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One such descriptor is the "the right to remix." One of the first words of wisdom I received in my first year of teaching was to "steal" as much as I could from my colleagues. Of course, calling it stealing was a joke, because, in essence, it was a way to share information with each other. Many Web 2.0 applications allow not only for the sharing of information, but also give teachers an opportunity to apply and remix the information to their specific situation and they then, in turn, can share this remix. Thus, the knowledge database grows offering various ways for information to be utilized.
This growth of information brings up O'Reilly's discussion on tagging. Tagging allows for "the kind of multiple, overlapping associations that the brain itself uses, rather than rigid categories." A Web 2.0 platform can offer teachers not only the means to share their knowledge and remix other knowledge, but also tag the knowledge free of limited categories. I imagine many educators have had the same experience I have had where I was "told" to attend a certain professional development session because of the disciplines/age levels I teach when I felt I would get more out of another session even though it was "targeted" for a different discipline/age level. Rigid categorization can be eliminated in a Web 2.0 platform, recognizing that much of what we do in our profession has relevance and meaning to our colleagues who may teach in different disciplines and different age levels. Thus, there is a flexibility in how one can transfer knowledge from one situation to another with the use of tagging.
Part of our professional development requires reflection, such as reflection-in-action (Schon, 1988) where teachers "think on their feet" and quickly make changes to how they integrate and introduce materials and methods in the learning experience. Additionally, just-in-time professional development (Schrum, 1999) is also stressed where teachers receive training and support that is relevant and meaningful to the teaching experience in which they are currently engaged. O'Reilly's discussion on open source software development practices mirrors what teachers do on a regular basis. This software is "developed in the open, with new features slipstreamed" even on daily basis with "real time monitoring of user behaviour." This is a similar development of the learning experiences in the classroom as teachers apply reflection-in-action and determine what professional development would be most useful for their situations. While the similarities between the development of open source software and learning experiences may not be directly linked to knowledge management, it does show how inherently similar the nature of Web 2.0 applications and the teaching profession can be.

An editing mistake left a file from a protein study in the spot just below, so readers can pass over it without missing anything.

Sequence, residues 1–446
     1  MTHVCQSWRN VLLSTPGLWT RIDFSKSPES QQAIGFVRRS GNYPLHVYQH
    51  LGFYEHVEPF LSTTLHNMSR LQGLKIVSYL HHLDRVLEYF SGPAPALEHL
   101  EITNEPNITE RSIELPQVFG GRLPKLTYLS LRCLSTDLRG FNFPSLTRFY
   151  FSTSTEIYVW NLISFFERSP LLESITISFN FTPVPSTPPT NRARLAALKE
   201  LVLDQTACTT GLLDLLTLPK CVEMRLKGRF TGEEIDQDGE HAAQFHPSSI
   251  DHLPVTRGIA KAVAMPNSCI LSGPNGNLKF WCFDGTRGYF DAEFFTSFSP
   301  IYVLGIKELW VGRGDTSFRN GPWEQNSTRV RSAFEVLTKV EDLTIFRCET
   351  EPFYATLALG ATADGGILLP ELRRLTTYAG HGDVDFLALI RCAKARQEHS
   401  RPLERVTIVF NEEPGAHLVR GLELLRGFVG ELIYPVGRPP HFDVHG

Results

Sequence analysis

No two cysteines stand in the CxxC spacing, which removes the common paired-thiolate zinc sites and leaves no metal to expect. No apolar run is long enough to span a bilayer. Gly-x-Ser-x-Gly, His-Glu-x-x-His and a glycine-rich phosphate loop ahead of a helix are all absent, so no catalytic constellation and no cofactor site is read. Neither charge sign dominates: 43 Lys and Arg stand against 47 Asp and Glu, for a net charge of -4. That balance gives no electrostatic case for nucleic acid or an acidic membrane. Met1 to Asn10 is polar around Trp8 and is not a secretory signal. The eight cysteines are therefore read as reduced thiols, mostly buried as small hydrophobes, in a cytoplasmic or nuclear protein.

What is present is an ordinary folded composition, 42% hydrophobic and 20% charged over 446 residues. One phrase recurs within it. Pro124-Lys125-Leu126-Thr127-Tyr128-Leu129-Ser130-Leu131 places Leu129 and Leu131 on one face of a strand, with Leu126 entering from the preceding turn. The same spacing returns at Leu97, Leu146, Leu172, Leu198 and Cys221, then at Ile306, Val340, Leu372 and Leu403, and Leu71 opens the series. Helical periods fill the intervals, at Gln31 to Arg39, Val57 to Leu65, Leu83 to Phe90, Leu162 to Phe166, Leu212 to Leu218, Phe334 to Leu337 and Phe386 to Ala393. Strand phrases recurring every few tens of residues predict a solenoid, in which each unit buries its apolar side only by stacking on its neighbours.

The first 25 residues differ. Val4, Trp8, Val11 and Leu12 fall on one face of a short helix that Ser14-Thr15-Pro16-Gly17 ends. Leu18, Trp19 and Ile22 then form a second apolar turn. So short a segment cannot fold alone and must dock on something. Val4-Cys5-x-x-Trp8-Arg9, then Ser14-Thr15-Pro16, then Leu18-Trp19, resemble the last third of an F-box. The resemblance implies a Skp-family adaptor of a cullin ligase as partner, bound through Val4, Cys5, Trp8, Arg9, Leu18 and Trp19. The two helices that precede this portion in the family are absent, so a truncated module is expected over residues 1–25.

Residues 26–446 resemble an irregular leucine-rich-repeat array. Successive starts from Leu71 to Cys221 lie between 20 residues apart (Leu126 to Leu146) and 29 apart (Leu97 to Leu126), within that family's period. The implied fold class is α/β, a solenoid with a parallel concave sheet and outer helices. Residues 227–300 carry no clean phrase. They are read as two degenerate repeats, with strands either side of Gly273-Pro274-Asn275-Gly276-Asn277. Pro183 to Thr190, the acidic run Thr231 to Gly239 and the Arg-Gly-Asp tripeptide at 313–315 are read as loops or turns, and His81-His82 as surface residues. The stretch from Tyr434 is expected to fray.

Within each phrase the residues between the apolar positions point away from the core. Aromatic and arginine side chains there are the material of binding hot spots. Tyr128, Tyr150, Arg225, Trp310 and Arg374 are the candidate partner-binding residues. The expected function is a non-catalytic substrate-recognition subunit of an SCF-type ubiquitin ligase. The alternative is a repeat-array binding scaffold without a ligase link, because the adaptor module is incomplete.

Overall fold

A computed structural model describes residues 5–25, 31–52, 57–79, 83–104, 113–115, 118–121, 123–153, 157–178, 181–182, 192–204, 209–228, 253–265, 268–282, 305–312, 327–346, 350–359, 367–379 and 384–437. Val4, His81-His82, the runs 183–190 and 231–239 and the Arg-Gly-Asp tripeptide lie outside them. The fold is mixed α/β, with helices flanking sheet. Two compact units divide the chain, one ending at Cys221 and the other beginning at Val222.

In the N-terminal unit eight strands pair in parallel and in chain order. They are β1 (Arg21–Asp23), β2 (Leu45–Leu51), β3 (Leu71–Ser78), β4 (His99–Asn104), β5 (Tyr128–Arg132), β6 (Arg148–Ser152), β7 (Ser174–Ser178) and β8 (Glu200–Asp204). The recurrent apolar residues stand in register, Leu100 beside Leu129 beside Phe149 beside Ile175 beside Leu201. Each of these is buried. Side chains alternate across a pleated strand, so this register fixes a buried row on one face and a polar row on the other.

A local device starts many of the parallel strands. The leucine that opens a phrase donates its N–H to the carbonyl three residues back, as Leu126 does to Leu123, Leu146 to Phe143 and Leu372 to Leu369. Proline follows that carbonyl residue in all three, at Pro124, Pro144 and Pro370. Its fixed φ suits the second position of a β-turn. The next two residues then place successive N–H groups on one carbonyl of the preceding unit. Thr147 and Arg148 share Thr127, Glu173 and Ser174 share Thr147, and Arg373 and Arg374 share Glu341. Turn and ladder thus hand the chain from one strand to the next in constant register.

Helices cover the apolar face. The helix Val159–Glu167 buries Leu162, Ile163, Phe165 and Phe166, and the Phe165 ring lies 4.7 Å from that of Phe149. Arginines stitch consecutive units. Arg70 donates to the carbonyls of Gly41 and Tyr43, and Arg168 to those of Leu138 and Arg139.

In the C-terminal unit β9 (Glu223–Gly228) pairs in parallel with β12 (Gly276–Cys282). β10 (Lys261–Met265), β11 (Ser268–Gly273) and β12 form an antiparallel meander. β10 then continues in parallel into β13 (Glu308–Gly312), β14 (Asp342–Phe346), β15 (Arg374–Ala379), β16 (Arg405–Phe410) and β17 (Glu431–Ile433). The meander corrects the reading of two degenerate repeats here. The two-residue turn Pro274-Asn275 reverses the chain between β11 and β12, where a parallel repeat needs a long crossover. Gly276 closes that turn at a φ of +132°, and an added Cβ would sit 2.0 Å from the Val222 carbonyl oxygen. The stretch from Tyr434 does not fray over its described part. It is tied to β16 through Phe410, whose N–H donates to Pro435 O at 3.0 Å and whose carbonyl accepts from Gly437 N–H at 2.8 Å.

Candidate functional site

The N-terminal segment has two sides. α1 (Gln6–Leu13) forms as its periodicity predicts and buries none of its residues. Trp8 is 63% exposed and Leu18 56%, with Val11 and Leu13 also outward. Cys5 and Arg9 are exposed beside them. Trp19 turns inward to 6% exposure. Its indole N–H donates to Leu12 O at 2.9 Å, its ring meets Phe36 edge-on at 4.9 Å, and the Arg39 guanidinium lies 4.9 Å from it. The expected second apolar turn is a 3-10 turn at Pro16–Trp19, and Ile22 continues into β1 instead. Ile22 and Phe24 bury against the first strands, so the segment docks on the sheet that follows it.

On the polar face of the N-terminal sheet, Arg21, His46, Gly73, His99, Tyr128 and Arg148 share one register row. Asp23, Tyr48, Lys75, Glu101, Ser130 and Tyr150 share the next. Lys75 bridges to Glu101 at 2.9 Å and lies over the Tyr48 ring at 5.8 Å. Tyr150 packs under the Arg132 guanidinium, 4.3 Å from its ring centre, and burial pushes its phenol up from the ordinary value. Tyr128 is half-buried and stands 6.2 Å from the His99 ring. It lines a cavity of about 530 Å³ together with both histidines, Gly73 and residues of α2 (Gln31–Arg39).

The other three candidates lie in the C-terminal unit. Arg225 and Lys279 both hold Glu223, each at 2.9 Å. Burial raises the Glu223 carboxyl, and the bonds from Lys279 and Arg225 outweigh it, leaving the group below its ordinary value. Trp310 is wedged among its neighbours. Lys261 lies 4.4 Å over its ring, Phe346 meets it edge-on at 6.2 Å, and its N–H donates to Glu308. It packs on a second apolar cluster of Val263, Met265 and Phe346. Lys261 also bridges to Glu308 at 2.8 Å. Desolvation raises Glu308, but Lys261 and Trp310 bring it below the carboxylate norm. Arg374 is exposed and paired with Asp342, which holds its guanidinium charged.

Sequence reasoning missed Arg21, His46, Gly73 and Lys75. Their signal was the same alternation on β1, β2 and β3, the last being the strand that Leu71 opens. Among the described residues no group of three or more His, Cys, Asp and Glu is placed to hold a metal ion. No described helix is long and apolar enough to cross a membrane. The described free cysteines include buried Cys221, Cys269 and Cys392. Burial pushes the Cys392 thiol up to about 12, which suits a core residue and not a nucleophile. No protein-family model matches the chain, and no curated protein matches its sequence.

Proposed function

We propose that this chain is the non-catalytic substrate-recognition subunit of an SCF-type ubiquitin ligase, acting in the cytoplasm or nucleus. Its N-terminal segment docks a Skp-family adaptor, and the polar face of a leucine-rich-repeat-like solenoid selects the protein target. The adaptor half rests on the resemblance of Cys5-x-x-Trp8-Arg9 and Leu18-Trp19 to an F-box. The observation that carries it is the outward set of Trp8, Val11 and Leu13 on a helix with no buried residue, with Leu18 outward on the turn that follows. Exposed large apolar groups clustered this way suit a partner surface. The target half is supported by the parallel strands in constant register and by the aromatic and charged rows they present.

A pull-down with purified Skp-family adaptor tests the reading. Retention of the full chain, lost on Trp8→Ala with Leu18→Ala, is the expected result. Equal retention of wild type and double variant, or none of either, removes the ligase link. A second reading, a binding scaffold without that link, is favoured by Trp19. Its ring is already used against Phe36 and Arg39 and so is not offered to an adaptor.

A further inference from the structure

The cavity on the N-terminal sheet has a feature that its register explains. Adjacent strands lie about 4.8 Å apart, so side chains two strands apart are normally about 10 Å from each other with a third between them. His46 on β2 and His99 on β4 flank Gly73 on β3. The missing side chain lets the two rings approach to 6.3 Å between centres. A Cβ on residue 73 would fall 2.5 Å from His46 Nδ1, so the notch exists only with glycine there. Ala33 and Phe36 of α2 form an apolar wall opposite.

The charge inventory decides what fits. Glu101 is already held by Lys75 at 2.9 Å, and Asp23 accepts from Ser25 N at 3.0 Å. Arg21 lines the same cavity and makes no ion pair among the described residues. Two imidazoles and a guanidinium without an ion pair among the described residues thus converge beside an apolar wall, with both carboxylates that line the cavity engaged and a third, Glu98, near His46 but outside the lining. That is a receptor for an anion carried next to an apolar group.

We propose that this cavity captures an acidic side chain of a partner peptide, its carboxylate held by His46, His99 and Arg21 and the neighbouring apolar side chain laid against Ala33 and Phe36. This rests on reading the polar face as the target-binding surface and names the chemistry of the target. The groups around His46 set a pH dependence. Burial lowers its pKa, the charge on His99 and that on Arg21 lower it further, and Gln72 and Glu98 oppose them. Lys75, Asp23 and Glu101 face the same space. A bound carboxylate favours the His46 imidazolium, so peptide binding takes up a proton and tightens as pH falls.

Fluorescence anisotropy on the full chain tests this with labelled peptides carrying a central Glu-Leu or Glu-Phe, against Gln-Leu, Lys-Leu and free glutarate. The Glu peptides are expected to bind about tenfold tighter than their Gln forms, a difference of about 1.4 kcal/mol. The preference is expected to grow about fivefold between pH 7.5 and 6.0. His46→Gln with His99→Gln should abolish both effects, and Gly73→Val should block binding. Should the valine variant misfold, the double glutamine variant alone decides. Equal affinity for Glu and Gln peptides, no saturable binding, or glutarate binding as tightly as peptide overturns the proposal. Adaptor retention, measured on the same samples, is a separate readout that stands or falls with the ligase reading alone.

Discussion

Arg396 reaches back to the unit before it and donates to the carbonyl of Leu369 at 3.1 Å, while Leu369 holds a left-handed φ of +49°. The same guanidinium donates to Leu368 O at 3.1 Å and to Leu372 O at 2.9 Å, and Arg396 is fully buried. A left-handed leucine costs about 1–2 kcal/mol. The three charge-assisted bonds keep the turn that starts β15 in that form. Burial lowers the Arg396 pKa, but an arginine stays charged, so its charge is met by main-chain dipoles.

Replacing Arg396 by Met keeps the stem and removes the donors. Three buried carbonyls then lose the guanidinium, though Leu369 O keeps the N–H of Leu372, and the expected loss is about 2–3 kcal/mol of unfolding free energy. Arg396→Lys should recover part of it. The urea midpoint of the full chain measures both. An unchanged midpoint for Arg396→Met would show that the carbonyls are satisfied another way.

In his blog post “Moving toward Web 2.0 in K-12 Education,” Steve Hargadon describes the current situation most districts find themselves in where computers are purchased and "maintained largely by school business offices relatively divorced from teaching methodologies." He argues that Web 2.0 seems "likely to change education precisely because it is a disruptive external change." Aside from the impact and change Web 2.0 has had and will have in our classrooms, when it comes to knowledge management and professional development, Web 2.0 is dramatically changing the landscape. Static learning portals that are password protected and sometimes difficult to even access outside of the school's intranet, are being replaced with open and global Web 2.0 platforms where teachers are retrieving and sharing useful and relevant knowledge. When one considers Hargadon's observations and O'Reilly's description of Web 2.0 platforms creating digital spaces where the user is trusted, password protected static portals with limited user privileges and strict upload protocols appear outdated and a poor methodology to manage knowledge.
Finally, Millard and Essex explore Web 2.0 and educational possibilities in their article
"Web 2.0 Technologies for Social and Collaborative E-Learning". They explore the different ways that students can extend their learning by connecting to research and possibly experts. They also highlight a number of different Web 2.0 applications which bring to mind the various choices of media that students can not only consume but also use for creating their own products. Both of these features can also be applied to knowledge management and professional development. Teachers can connect with others, refer to research and present their own work to share in whatever medium they choose using Web 2.0 applications.